Legally Blonde: The Plot
• After realized her love for law, Elle
  finds herself as an intern, with
  Warner and his new fiancé, on a
  murder trial. She then meets
  Emmett who will eventually become
  the man for her.
• In the midst of being discriminated
  by her professors for being blonde
  and other things Elle realizes that she
  can still be a lawyer and be serious,
  without losing her true identity.
             Shrek! The Musical
• Opened on Broadway in
  December of 2008 and closed
  its doors in January of 2010 at
  the Broadway Theatre
• The first US tour began in July
  of 2010 and it is currently being
  shown at the Fox Theatre
• The music was written by
  Jeanine Tesori and the book
  and lyrics was written by
  famous playwright David
           Shrek The Musical
• Based on the 1990 book by David Steig and
  the DreamWorks film starring Mike Myers
• Nominated for 8 Tony Awards but only
  received one for Best Costume Design of a
• Work for the show began in 2002 but it did
  not officially open until 2008
           Shrek The Musical
• The main characters are Shrek, Donkey,
  Princess Fiona, Lord Farquaad, and Dragon
• Major musical numbers include This is How
  Dreams Come True, The Travel Song, and I’m A
• The orchestra is made up of 27 musicians, just
  as big as the Phantom of the Opera orchestra
• Random Fact: In the music, there are many
  references to other musicals!
            Shrek The Musical: Plot
• The story follows a green ogre named
  Shrek who is grumpy and lives in a
  swamp. When Lord Farquaad of Dulac
  forces all of the fairy tale creatures out,
  and they find shelter in Shrek’s swamp,
  he is outraged. He goes to Dulac to
  request the creatures out of his swamp,
  along with his annoying and unwanted
  companion, Donkey
• Lord Farquaad, who is trying to find a
  wife so he can be King of Dulac, sends
  Shrek (and Donkey) on a quest to find
  Princess Fiona in order to privatize his
           Shrek The Musical: Plot
• After rescuing Princess Fiona from
  the tower and the Dragon, Shrek
  and Donkey take her back to Lord
  Farquaad. While on the journey
  Shrek and Fiona fall in love. Shrek
  does not know that Fiona is under
  a spell that at night turns her into
  an ogre.
• In the end, Shrek Donkey and the
  Dragon storm the castle during
  Lord Farquaad and Fiona’s wedding
  and Shrek breaks the spell turning
  Fiona into loves true form, an ogre
• Premiered on Broadway in
  October 2003 at the Gershwin
  Theatre where it is still performing
• Based on the book by Gregory
  McGuire Wicked: The Life and
  Times of the Wicked Witch of the
  West, Wicked is the story of Oz
  before and after Dorothy dropped
• The book was written by Winnie
  Holzman and music and lyrics by
  Steven Schwartz
• Since it’s opening in 2003, Wicked has performed
  3,127 performances, making it the 17th longest
  running musical of all time and it is STILL running on
• Wicked not only has a touring company, but it also
  had permanent performances in Chicago, Los
  Angeles, London, San Francisco, and some
  international locations.
• At the 2004 Tony awards Wicked was nominated for
  10 awards and took home 3 including Best Actress in
  a Musical for Idina Menzel
• The main characters of Wicked are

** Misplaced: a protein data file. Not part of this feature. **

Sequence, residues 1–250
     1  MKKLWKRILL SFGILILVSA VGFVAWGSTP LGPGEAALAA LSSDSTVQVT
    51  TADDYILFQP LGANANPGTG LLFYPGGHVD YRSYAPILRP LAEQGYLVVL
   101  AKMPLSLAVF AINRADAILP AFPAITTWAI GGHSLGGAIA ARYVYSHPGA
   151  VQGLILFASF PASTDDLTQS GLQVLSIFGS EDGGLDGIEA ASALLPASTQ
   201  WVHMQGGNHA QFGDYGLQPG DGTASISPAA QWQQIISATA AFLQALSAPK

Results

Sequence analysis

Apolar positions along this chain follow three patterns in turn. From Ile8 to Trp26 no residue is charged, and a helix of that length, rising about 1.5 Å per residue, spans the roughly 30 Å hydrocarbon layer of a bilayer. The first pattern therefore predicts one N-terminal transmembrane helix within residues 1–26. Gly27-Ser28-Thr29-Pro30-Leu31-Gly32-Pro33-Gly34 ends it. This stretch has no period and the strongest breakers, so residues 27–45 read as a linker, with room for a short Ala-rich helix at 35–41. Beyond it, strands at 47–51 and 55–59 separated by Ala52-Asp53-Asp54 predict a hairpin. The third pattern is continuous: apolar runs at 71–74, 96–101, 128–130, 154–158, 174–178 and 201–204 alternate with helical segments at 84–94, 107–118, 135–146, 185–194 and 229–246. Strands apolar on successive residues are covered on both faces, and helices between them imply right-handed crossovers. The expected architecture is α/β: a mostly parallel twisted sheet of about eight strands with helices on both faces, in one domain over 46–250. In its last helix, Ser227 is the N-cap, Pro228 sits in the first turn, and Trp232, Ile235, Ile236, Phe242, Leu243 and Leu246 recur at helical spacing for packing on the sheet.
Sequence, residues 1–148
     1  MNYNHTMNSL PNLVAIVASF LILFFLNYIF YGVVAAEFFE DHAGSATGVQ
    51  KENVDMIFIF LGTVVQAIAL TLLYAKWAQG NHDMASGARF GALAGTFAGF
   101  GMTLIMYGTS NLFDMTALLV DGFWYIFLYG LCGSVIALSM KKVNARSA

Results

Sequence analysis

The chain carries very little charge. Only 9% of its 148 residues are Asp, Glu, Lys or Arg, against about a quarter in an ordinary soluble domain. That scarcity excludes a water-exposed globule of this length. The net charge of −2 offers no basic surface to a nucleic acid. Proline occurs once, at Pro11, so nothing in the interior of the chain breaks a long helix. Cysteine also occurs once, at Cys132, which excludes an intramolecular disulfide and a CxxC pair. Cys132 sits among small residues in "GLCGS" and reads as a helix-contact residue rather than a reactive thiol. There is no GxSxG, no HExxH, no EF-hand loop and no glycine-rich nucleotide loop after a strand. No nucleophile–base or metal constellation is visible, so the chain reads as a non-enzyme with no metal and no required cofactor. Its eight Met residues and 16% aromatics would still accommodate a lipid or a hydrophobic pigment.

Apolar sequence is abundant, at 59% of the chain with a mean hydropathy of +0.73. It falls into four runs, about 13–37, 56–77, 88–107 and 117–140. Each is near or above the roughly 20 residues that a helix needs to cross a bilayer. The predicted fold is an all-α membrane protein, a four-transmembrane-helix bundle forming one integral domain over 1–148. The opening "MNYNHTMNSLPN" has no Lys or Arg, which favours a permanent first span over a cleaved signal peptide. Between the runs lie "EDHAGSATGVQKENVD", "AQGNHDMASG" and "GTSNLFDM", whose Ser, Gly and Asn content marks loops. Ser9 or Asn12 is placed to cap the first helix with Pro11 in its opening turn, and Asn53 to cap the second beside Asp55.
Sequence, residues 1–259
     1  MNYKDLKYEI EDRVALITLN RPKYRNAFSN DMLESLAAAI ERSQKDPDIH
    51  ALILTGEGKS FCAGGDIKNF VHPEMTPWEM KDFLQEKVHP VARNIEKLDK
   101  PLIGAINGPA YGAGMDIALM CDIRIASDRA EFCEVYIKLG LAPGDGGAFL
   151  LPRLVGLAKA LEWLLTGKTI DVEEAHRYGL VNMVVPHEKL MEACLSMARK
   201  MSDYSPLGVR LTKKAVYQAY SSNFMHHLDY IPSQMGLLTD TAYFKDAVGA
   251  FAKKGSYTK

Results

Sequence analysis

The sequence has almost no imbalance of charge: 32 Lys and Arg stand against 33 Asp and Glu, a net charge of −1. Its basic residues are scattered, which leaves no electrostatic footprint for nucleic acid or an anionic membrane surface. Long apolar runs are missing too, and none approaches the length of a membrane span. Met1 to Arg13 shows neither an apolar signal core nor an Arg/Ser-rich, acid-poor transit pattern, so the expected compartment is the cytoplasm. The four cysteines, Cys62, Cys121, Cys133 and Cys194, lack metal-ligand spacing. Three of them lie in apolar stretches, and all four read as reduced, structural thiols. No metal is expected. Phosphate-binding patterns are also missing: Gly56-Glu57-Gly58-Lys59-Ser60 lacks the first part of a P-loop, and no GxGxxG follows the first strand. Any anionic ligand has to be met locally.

Elphaba (Idina Menzel), Glinda
  (Kristen Chenoweth), Fiyero, and
  The Wizard.
• Some important musical numbers
  of Wicked are What is this Feeling,
  Popular, Defying Gravity, As Long
  as Your Mine, and For Good
• The orchestra consists of 20
                   Wicked: The Plot
• The story follows Elphaba, who has
  green skin, and her struggle with
  discovering who she is.
• When she and her sister Nessarose
  arrive at Shiz University, meeting Glinda,
  there is a rooming problem and Elphaba
  and Glinda must room together (What is
  this Feeling).
• As the semester drags on Elphaba
  discovers that some of the professors,
  who are animals, are losing their abilities
  to talk, something else she discovers is
  that she has magical powers!
                 Wicked: The Plot
• The head of the school sends Elphaba
  and Glinda to Oz, they are now friends,
  to talk to the Wizard about what is going
  on with the animals.
• When they discover he is a part of the
  plot, and blames it on Elphaba, she
  becomes a fugitive and all of the Ozians
  want her dead
• As the story continues Elphaba becomes
  ok with being green, after falling in love
  with Fiyero (who becomes the
            Wicked: The Plot
• After Dorothy drops in and the Wizard gives
  her the task of killing Elphaba (The Wicked
  Witch of the West…but not wicked), the
  scarecrow (Fiyero), the Tin Man, and the Lion
  hatch a plan to fake her death.
• In the end Elphaba is alive and she and Fiyero
  go off together, Glinda stays in Oz as Glinda
  the Good Witch, and the animals of Oz are
     Broadway to the Big Screen
• Started in 1927 with the release of The Jazz
  Singer, it was the first movie to incorporate
• They gained popularity and Hollywood
  released over 100 musicals in 1930
• In 1933, the first Broadway musical made it to
  the big screen. That musical was 42nd Street
     Broadway to the Big Screen
• In 1961 Broadway musical
  West Side Story, a modern day
  Romeo and Juliet, made it to
  the big screen setting the
  standard that stage musicals
  are still popular.
     Broadway to the Big Screen
• Today, it is a very popular thing to turn a
  Broadway production into a movie
• Although they are adapted for time and some
  musical numbers are cut, they can sometimes
  have a more theatrical feel as a movie
• Some recent Broadway adaptations include
  The Phantom of the Opera (a remake), Rent,
  Mamma Mia!, Hairspray, and Sweeney Todd.
               Disney Musicals
• The Disney musical is another
  popular attraction on Broadway.
• Although you wouldn’t expect it,
  Disney musicals were first seen in
  the movie theatre NOT on
• Some popular Disney Broadway
  productions include The Lion King
  (which won multiple Tony
  awards), Mary Poppins, and
  Beauty and the Beast.